a new build is here, rejoice. It’s a good one, I think. Let me run you through the additions and changes real quick here:
Scroll To Element brings a specified element into the view port. Handy!
I’ve renamed the “Get List of Browser Windows” action, it’s Get Browser Windows now and much more useful. It gained filtering capabilities, and while the default configuration is the same as before (get list of all windows from browser X), you can now opt to only get the first window, the last window, or a random window from a filtered list. And the list of filters includes private/standard, visibility and title matching.
See Get Browser Windows for a screenshot and the updated parameters.
I’ve also renamed the “Get List of Browser Tabs” action, it’s Get Browser Tabs now, and it also received filtering capabilities. Its default configuration hasn’t changed either (get list of all tabs from browser X), and here, too, you may opt to only get the first tab, the last tab, or a random tab from a filtered list. And the list of filters includes private/standard, title and URL matching.
See Get Browser Tabs for the goods.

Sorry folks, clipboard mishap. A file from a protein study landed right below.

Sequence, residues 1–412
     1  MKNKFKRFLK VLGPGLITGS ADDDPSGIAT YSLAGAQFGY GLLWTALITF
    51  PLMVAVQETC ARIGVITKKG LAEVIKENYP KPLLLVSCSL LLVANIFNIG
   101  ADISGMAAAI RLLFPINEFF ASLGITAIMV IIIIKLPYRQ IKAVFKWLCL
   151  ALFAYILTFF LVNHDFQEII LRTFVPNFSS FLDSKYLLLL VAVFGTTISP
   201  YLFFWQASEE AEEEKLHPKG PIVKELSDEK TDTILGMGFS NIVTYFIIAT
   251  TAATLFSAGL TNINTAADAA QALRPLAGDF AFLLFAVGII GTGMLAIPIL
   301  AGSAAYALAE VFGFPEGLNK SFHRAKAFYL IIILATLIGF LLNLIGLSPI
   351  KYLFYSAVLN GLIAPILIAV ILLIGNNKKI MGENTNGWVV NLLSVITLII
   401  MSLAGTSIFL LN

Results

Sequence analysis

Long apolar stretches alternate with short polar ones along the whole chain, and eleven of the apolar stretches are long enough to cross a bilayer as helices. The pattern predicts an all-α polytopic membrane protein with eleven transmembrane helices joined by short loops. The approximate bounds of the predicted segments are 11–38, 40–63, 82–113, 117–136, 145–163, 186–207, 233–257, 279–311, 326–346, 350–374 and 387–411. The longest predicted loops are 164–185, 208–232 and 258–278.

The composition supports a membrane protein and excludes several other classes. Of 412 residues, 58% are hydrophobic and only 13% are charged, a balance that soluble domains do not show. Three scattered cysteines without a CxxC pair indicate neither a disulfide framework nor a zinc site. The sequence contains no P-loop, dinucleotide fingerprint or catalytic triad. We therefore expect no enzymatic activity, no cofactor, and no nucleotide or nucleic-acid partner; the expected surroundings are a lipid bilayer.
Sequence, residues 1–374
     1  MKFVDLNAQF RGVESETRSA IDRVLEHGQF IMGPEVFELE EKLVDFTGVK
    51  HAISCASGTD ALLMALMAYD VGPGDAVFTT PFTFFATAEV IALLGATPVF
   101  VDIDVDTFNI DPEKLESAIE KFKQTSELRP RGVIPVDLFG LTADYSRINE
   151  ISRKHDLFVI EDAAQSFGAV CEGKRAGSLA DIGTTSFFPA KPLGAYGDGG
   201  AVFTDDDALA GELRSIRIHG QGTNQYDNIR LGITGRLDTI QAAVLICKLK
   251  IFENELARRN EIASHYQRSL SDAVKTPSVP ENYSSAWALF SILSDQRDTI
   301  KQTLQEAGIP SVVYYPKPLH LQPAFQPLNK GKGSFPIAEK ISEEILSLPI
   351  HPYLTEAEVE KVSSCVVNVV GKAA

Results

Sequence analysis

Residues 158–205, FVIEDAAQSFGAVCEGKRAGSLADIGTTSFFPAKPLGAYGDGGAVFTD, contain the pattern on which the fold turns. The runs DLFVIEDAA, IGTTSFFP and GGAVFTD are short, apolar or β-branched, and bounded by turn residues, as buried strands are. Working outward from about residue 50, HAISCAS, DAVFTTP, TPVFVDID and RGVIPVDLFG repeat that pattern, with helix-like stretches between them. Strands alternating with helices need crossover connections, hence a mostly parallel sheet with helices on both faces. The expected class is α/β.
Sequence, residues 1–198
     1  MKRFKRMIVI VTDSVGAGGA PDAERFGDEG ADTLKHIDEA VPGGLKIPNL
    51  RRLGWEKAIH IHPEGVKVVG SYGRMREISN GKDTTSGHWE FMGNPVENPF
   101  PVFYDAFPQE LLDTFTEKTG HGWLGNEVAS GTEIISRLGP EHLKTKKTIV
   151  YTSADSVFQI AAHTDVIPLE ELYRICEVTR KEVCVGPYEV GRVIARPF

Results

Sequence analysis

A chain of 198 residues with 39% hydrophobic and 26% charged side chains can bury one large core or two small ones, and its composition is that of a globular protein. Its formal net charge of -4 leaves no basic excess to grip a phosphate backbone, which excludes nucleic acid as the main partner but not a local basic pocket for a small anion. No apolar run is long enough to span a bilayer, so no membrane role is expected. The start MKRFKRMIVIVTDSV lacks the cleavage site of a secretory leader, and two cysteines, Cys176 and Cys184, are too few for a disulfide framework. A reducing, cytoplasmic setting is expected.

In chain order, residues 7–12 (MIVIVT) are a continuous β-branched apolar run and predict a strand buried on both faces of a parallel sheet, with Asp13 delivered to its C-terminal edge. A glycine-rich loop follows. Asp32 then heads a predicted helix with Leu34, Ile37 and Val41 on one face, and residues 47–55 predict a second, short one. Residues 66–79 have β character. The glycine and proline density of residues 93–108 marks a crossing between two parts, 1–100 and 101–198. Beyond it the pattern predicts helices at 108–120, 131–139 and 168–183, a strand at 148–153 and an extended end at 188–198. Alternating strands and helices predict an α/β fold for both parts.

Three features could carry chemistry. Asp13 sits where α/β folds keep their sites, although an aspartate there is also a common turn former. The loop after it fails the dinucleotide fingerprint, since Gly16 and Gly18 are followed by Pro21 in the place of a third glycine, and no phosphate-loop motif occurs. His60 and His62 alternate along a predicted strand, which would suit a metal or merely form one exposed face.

In the previous build, I’ve added support for recognizing and creating private windows in Safari. It took a while but in my defense, there were a lot of hoops I had to jump through to make this work reliably. As I wrote back then (last week):
Technical explainer: All other scripted solutions for opening a private Safari window that I know of do one of two things: They either programmatically send the key combo ⇧⌘N, or they find and click the menu entry “New Private Window”. Both work! But also, both have issues when you’re trying to build a solution that works for a big number of people. For example, I know of people who changed their key combos (so ⇧⌘N might not work anymore), and I know of many many more people who have no menu entry “New Private Window” because they use macOS set to another language. No bueno.
I’ve tightened a few more screws in this build. I’ve yet to run into issues, so please test it thoroughly.
As you may or may not know, many browsers let you name your windows. For example, I have several windows open in Brave right now, one is named “Actions for Obsidian” while another is named “Browser Actions”. It just helps with the organizing, because the window titles are shown in macOS’ Mission Control.
The notable exception here is Safari. It does not let you name windows. I didn’t like that at all, so you can now name Safari windows. Naturally, this’ll only work for windows created by Browser Actions’ Shortcuts actions, i.e. there is still no interface in Safari to set or get a window title.
Tabs will now report whether they belong to a private window or not. See What is a browser tab reference? in the Knowledge Base.
That’s it for today! Please give the new build a spin and play around with the new stuff.
I’d like to start TestFlight Gamma (= public) early next week, so if you could check back before that and let me know what you think, I’d be grateful.
Thanks so much for testing,